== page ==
CHLAMYDIAL NEONATAL CONJUNTIVITIS (CNNC) IN ILORIN, MIDDLE BELT OF NIGERIA

E.S Kolade

 

Abstract

An increasing number of babies with conjunctivitis in our center what require an urgent evaluation was observed. To evaluate Chlamydial aetiology of Neonatal conjunctivitis in our environment all babies born in the University of Ilorin Teaching Hospital over a six months period were prospectively screened for Neonatal conjunctivitis using the Center for Disease Control/World Health Organization case definition for Neonatal conjunctivitis. All patients diagnosed to have Neonatal conjunctivitis had laboratory evaluation done to identify the causes. However only those from whom the inclusion bodies of chlamydia were seen got included in this study. An empirical treatment with 10% sodium sulphacetamide eye drops was given to all patients while other additional illnesses identified were managed in a standard way. Clinical re-evaluation was done by 72 hours and 7 days of treatment for clinical cure.
A total number of 112 babies developed neonatal conjunctivitis within the study period among the 852 babies screened and chlamydia was seen in 36 (32%). The hospital based incidence for Chlamydial neonatal conjunctivitis was 42 per thousand live births. There was a male preponderance. Gestational Age ranged between 27 weeks and 44 weeks though there were more term babies. Majority were delivered by spontaneous vertex. The Mean Age of on-set of disease was 5 days with a standard deviation of 3.8 days. Premature rupture of fetal membrane occurred in 1 (3%) case. Fifteen (42%) of 36 mothers had antenatal vaginal discharge. All mothers were married. Purulent eye discharge was the commonest clinical presentation and was sometimes unilateral. All babies responded well to treatment. No complication was observed in any baby. It was concluded that chlamydia trachomatis was the leading cause of neonatal conjunctivitis in our environment and the disease is of a remarkable magnitude requiring attention in our sub region. It has similar outlook with those reported from other regions of the World.

(Af. J. of Clinical and Experimental Microbiology: 2002 3(2): 69-71)

PREVALENCE OF TRICHOMONAS VAGINALIS AMONGST COMMERCIAL SEX WORKERS (CSWs) IN IBADAN, NIGERIA

R.A. Bakare, A.A. Oni, U.S. Umar, S.A. Fayemiwo, N.A. Fasina, I.F. Adewole, W.A. Shokunbi

 

Abstract

Our main objectives was to determine the prevalence of Trichomonas vaginalis among commercial sex workers (CSW’s) in Ibadan, Nigeria. One hundred and sixty nine CSW’s randomly selected from 18 brothels and 136 female patients without symptoms were investigated for Trichomonas vaginalis using both direct microscopy and culture methods. Thirty-seven (21.9%) of the 169 CSW’s investigated had Trichomonas whilst 26(19.1%) of the 136 control subjects were positive for Trichomonas vaginalis. There was no significant difference between the CSW’s with Trichomonas and the control group (p>0.001). We found no association between T. vaginalis and HIV diagnosed in the CSW’s investigated. The age range of peak incidence among the CSWs and the control subjects investigated was 20-29 years. While only 6(3.6%) of the CSWs investigated were married, 88(52.1%) were single, 37 (21.8%) separated, 28 (16.6%) divorced and 10(5.9%) widowed. There was no significant difference between the CSW’s with vaginal Candidiasis, Gonorrhoea and the control group but genital ulcers and HIV positively were significantly higher (p=0.000) in CSW’s than the control subjects. These findings suggest that women who exchange sexual services for money can no longer be ignored. They should be involved in the control and prevention of STDs.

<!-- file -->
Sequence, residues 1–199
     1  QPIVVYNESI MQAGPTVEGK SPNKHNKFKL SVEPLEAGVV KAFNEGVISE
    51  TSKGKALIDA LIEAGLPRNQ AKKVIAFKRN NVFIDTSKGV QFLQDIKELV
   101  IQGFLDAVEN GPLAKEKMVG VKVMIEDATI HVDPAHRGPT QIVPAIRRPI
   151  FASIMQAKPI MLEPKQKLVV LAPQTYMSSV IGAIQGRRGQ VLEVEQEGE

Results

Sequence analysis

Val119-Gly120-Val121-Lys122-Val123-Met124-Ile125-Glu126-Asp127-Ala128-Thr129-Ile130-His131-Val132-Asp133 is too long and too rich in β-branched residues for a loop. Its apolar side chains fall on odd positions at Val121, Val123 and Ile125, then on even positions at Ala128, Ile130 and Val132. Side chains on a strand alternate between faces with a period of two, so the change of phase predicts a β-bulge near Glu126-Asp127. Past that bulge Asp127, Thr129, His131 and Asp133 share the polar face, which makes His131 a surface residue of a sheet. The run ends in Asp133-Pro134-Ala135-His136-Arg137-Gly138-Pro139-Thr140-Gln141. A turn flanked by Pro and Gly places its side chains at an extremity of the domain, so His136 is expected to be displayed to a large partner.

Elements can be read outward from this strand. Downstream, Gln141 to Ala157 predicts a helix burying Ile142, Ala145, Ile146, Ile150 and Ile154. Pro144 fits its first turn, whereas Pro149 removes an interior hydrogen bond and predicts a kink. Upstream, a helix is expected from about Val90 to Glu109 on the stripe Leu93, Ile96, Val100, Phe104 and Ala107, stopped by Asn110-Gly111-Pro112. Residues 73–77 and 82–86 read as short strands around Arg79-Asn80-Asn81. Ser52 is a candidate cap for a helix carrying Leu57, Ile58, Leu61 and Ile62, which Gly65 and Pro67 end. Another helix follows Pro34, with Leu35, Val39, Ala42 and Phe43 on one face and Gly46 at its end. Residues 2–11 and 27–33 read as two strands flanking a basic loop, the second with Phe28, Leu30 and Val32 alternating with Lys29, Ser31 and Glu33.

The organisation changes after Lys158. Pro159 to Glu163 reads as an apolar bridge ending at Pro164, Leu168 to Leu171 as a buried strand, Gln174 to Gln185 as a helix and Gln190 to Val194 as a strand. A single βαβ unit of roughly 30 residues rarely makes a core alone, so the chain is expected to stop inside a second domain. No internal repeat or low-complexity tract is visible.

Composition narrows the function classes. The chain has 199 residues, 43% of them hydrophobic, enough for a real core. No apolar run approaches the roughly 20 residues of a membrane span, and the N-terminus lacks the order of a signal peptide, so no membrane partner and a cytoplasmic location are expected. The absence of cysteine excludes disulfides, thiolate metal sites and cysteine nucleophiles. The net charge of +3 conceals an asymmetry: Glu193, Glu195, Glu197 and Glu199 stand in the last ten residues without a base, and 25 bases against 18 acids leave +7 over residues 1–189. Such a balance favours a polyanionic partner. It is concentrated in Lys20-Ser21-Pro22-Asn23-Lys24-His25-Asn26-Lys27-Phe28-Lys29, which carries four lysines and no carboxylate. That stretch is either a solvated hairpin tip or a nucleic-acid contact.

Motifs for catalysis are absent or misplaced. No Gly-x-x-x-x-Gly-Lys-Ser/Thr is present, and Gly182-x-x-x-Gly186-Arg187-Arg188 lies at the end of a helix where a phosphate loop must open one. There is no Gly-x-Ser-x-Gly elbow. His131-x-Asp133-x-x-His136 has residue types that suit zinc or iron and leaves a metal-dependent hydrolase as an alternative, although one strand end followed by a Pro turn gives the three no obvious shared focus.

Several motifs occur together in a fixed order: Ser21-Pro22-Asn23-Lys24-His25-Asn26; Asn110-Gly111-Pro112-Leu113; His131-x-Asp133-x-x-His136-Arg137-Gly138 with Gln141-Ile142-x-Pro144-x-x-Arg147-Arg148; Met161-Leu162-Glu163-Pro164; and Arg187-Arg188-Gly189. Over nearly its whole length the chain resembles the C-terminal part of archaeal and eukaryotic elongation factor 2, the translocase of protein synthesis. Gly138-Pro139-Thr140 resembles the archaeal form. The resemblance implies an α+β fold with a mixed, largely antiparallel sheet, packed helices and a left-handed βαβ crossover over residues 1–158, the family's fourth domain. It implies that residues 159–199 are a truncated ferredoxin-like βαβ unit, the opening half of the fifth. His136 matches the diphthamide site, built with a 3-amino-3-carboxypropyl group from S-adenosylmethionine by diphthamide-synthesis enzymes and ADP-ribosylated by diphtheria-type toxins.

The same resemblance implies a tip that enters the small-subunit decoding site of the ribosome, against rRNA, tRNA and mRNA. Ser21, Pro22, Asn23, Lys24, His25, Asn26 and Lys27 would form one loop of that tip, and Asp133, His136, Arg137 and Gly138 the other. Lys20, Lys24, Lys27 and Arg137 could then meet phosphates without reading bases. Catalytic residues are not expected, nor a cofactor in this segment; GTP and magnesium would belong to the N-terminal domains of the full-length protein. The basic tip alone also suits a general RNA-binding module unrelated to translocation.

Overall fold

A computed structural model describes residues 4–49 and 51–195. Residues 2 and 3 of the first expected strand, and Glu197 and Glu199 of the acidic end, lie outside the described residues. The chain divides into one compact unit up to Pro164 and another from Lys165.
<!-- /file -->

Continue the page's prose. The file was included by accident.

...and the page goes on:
(Af. J. of Clinical and Experimental Microbiology: 2002 3(2): 72-77)

SEXUALLY TRANSMITTED DISEASES (STDs) AND ACQUIRED IMMUNODEFICIENCY SYNDROME (AIDS) IN NIGERIA

B.A Onile

 

Abstract

The sexually Transmitted Diseases constitute major public health problems in Nigeria. There is early sexual maturity and considerable sexual activity between 9 and 15 years of age. Although there is a high awareness of the condom, people are unwilling to use them despite evidence of multiple sexual exposures.
The STDs, including HIV infections, are on the increase. Tuberculosis is also on the increase because of a HIV/AIDS epidemic. Both categorical and integrated approach to the management of STDs and AIDS are being recommended. There is a need to step up basic research into the biology of HIV and subsidize the treatment of AIDS. Efforts at vaccine development should be initiated to stem the worsening HIV epidemic.

(Af. J. of Clinical and Experimental Microbiology: 2002 3(2): 78-81)